Thoughts on the links between Cornwall and the USA from Grand Bard, Melennek

As we welcome a new President of the United States of America to Cornwall on his first trip overseas after taking Office, when he joins other World leaders in June at the G7 Summit, this is a moment to stress the relationship which endures between Cornwall and the USA as the result of the economic and religious migrations of the 19th century, and to highlight the role which Cornish miners played in the US. 

Cornish miners left much evidence of their culture, organisation, dialects and religion in many parts of the USA, and their descendants today form a proud and active diaspora, a number of members of which are Bards of Gorsedh Kernow. The Cornish-American Heritage Society is a long-standing partner of Gorsedh Kernow.

The Cornish Mining World Heritage Site has long-standing and important links with mining heritage communities in the USA, not least at Grass Valley in California, and Mineral Point in Wisconsin. Many American visitors come to Cornwall not simply to discover the facts of their family history but also to experience first-hand the places, landscapes, sounds and cultures of the communities from which their families stemmed. This is a matrix of relationships, interests and delights that has been greatly enhanced by the internet, so the links made in the 18th & 19th centuries are burgeoning today as never before.

In Pelynt it is quietly celebrated that the family of Samuel Clemens emigrated to the mid-west. Sam changed his name to Mark Twain and became America’s most famous and enduring storyteller – an art possibly influenced by the droll tellers and bardic traditions of his native Cornwall.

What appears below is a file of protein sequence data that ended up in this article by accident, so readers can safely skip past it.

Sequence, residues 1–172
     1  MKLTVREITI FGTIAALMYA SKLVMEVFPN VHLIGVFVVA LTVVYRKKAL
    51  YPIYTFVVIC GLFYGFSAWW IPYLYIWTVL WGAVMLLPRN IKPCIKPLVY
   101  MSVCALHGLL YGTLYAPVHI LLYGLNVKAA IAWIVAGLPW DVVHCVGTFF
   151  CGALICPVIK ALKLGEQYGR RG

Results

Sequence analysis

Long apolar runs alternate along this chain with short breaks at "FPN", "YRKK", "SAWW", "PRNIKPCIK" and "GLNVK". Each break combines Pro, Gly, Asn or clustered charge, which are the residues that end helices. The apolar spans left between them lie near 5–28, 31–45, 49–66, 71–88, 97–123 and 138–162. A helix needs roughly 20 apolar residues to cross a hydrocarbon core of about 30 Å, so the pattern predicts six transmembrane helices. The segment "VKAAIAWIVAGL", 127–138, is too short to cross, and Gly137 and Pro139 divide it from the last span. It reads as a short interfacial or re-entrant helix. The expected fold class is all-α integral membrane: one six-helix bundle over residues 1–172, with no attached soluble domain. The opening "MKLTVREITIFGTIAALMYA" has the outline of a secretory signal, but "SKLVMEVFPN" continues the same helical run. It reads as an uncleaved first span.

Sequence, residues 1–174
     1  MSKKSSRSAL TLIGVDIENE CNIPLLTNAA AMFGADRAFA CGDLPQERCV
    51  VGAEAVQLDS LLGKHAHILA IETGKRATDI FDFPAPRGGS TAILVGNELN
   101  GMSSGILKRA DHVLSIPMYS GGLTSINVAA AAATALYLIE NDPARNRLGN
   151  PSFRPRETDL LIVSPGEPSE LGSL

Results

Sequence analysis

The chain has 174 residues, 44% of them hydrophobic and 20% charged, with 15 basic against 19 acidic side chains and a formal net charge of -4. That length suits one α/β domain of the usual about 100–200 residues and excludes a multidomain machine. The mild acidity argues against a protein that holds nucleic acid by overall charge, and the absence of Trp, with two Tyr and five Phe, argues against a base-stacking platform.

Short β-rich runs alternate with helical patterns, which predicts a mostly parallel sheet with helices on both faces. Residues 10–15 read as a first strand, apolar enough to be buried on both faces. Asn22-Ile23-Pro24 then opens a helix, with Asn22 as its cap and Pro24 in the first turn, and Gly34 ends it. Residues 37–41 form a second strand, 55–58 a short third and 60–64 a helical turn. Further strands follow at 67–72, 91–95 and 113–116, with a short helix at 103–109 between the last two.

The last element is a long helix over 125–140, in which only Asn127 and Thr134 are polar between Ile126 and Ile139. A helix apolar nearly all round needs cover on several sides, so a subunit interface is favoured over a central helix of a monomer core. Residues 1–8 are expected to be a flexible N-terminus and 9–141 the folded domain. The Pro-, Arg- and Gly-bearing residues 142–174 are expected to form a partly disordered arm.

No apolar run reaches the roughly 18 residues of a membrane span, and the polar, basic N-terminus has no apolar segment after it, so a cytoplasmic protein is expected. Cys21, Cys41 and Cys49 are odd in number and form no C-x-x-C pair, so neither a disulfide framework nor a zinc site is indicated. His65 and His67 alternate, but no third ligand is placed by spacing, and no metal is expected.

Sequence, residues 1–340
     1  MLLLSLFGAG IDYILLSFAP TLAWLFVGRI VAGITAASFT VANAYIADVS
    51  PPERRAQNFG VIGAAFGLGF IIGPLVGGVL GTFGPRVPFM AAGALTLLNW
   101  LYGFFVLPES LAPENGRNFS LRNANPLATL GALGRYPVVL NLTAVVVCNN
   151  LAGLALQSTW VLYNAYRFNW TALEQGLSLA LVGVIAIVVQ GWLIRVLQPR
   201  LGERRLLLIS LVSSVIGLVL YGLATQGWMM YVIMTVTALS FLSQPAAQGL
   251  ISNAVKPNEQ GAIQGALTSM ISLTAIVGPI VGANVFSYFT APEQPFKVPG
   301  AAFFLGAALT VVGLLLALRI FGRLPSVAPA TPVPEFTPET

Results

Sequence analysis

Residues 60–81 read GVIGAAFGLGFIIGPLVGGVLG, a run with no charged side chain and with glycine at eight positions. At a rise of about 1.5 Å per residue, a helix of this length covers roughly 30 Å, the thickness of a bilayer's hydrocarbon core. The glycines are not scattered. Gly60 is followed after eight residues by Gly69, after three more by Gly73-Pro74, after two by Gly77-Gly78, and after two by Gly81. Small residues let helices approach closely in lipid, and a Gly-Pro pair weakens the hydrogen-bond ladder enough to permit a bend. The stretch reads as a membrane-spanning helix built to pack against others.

The last-but-one American poet laureate was Natasha Trethewey. During a recent visit to the university at Tremough, Natasha enthusiastically explored the Cornish aspect of her identity which derives from her father – Eric Trethewey.

Cornwall was one of the places where forces mustered to launch the D-Day landings. Eisenhower was billeted at Perranarworthal, and many US veterans retain fond memories of their times in Cornwall. Former Bard, the late Arnold Hodge, remembered the great American boxing Champion, Joe Louis, fighting an exhibition bout in a makeshift ring on the mine waste near Chacewater.

These are all reasons why the links between Cornwall and the USA are not simply about conference destinations and tourism attractions – they are real, deep and emotional. I hope that the President, as he gets to know the other G7 leaders, will have time to take a good look around Cornwall, one of the places which helped build the nation of which he is so proud, and to acquaint himself with some of our native culture.

The G7 Summit will be hard work. I’m sure that one and all will contribute to ensuring that we provide our usual high standard of hospitality, and that the G7 leaders, including President Biden, will take away a very strong and positive impression of Cornwall as a place of deep resonance, of strong values, of distinctive constitutional pride, and of trading instincts that reach deeply into the earliest days of our history, and which persist today in so many fields. Kernow a’gas dynnergh!